6. This is the life. Life is a main theme of today's Gospel as Jesus urges us to eat in order to live. This calls, however, for eating the right food. Eat only physical food and eventually you will die but also eat the spiritual food which is Christ, the Bread of Life, and you will live forever. In this passage the emphasis is on spiritual life, not physical. This bread is a "living bread" because Christ is life itself. Jesus referred to his "living Father," for God is life, and people who eat the heavenly bread receive eternal life now. This is what Christianity is all about: life. Jesus said he came that we might have life. Death is humanity's greatest enemy: not physical death which is natural, but the spiritual death which is separation from God. This is life - to know, to believe, to accept, and to serve Christ.

Homily Hints
1. Holy hunger. (6:51, 58) How shall the spiritually hungry be satisfied? It is the business of the church to spiritually feed people. This can be done - only under the following conditions:

A. People must be hungry - "If" (v. 51)

B. Bread must be available - "I am the living bread" (v. 51)

C. Bread must be distributed - Word and Sacraments

D. Bread must be eaten - "Unless you eat" (v. 53)

2. Hunger of the heart. (6:51, 53) Unless we are hungry, we will not eat. Are people hungry for Christ - for the life he alone can give? Are we trying to satisfy a hunger we do not understand by indulging in drugs, alcohol, sex, and cults? We may feel lonely, unfulfilled, and isolated. Something is lacking in life and we are hungry for the fullness of life. We need to recognize the hungers of our hearts -

A. Hunger for help through prayer

B. Hunger for God's presence - Psalm 42:1--2

C. Hunger for forgiveness

3. Why eat? (6:51--58) Why do we eat? Merely because it is meal time? Because it is a habit? Because we receive an invitation to dinner? Christians, on the other hand, have very good reasons for eating the Bread of Life -

A. Eat for food (spiritual) - v. 55

B. Eat to live - v. 54

C. Eat to be one in Christ - v. 56

4. You can live forever! (6:51--58) No one really wants to die. There is a force in all creation to live, and we struggle against every obstacle in order to live. Several times in this passage we are told that we can live forever -

A. We eat "living bread" - vv. 51, 54

B. We have a "living Father" - v. 57



1. The commonality of bread. Bread is so commonplace - almost everyone eats bread at least daily. This can be a problem for preachers. How can anyone say something new, different, or creative about bread? Preaching this Sunday's parable demands a special creativity.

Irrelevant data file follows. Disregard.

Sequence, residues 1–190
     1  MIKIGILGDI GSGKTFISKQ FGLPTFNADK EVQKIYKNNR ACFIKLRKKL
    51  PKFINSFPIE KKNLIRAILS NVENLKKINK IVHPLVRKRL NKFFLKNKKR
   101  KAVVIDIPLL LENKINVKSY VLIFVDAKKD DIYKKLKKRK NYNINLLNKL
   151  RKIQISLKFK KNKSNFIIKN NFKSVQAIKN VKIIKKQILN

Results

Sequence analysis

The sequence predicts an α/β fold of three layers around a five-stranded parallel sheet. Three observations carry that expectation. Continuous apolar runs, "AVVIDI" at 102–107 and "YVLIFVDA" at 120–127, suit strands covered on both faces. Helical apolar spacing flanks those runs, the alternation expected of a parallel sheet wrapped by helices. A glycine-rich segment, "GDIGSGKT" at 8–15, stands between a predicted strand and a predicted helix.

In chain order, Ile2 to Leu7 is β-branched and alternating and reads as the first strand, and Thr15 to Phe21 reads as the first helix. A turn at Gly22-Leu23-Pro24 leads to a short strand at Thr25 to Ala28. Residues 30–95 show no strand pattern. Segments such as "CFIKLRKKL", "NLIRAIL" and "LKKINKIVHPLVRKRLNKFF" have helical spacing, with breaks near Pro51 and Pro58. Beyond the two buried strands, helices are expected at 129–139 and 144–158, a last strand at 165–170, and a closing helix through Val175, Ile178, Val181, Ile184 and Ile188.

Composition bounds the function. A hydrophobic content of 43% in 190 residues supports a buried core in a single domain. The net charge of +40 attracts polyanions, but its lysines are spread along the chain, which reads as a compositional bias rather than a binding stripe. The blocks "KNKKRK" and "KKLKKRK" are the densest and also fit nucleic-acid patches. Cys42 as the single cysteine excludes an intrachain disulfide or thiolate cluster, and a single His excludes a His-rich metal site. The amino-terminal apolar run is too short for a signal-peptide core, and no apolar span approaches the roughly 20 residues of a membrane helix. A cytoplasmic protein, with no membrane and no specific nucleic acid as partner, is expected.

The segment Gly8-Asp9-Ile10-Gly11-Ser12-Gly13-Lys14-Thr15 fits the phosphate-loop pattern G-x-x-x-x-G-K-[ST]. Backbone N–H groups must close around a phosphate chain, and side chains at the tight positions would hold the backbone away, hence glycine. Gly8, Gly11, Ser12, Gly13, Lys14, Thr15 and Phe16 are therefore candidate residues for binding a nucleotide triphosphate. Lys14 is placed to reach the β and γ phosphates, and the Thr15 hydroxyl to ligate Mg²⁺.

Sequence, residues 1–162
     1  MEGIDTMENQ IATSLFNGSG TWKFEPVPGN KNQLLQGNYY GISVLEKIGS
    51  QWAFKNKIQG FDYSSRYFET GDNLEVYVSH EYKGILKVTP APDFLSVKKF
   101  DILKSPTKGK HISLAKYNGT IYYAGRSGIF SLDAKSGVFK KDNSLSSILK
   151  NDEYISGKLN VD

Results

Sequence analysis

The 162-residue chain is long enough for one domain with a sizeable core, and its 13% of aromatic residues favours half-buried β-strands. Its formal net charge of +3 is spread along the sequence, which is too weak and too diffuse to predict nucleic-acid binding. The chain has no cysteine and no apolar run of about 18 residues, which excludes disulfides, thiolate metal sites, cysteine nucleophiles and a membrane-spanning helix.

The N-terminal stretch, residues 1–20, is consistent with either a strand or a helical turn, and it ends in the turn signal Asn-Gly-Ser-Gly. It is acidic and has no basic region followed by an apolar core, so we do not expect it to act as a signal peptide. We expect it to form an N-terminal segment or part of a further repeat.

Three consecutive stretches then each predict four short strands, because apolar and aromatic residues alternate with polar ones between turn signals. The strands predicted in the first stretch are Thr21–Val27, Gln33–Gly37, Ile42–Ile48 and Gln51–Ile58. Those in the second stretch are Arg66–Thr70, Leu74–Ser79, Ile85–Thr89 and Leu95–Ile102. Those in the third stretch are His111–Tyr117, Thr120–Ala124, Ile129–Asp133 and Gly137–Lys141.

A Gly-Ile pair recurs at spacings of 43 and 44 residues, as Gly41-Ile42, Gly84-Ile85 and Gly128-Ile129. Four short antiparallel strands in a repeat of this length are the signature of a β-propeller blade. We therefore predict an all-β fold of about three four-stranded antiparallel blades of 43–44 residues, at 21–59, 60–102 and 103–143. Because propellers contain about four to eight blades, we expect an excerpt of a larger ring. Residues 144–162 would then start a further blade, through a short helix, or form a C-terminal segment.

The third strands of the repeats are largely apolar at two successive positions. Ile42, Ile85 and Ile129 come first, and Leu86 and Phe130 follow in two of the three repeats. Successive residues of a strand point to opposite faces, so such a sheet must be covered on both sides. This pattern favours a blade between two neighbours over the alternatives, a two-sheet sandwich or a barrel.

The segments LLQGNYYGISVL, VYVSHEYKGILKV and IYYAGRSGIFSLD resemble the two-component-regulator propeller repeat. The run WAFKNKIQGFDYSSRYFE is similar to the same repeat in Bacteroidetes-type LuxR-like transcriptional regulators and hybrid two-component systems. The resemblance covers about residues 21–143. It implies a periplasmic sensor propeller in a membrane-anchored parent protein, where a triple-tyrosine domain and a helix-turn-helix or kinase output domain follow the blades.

2. Controversy. The subject of bread and its relationship to Holy Communion is controversial today, and it was also in Jesus' day. When he spoke of himself as bread from heaven, many of his listeners were critical and offended as he appeared to be a human being just as they were. Later he called upon them to eat his flesh and this aroused even more opposition and angry disagreement, since it sounded like cannibalism. The Holy Communion, in which we eat his flesh as bread and drink his blood as wine, is still a sore subject of controversy in the church. We can agree on many doctrines: we can support practical programs of service, but we will refuse to commune together. At the last convention of the World Council of Churches, for example, one denomination separated from the others to have its own service of the Eucharist. Lutherans agree with Roman Catholics on the doctrine of justification, but are not as yet allowed to commune at Roman altars. In dealing with today's Gospel lesson, therefore, we need to be aware of its controversial nature in today's churches.

3. Interpretation. Another problem presented by today's "parable" is the interpretation of "flesh" and "blood." Is it to be taken literally or figuratively? The people in Jesus' day took his words literally, so when he invited them to drink his blood, he was violating the Jewish prohibition of drinking the blood of animals or of humans. In Leviticus 17:14 blood drinking is forbidden: "For the life of every creature is the blood of it; therefore I have said to the people of Israel, 'You shall not eat the blood of any creature, for the life of every creature is its blood.' " Blood is considered the life of the creature. To drink blood is to take the life of another person into oneself. Later, Jesus explained he was speaking figuratively about his body and blood: "It is the spirit that gives life, the flesh is of no avail; the words that I have spoken to you are spirit and life" (John 6:63). Before preaching on this pericope, a preacher needs to come to an understanding of the meaning of the text.

4. More than bread. There is a tendency to understand the Bread of Life as only bread, as one item of a meal. However, it needs to be made clear that "bread" represents the entire meal. We need no food other than Jesus since he alone can feed the soul. As the Bread of Life, Jesus is the Word made flesh, the incarnate Word. As bread, the Word is served in several ways: in proclamation, the Bread of Life is broken and distributed to hearers; in literature (the Bible) the Word as Bread is eaten by readers; and the Word is eaten and received visibly in the Sacraments. The physical bread of the Eucharist is the Bread of Life, while the Word is spiritual food for hungry people.

Points Of Contact
What connection is there between modern people and the eating of sacramental bread: Where is the relevance? Are we talking about something that is a part of people's lives?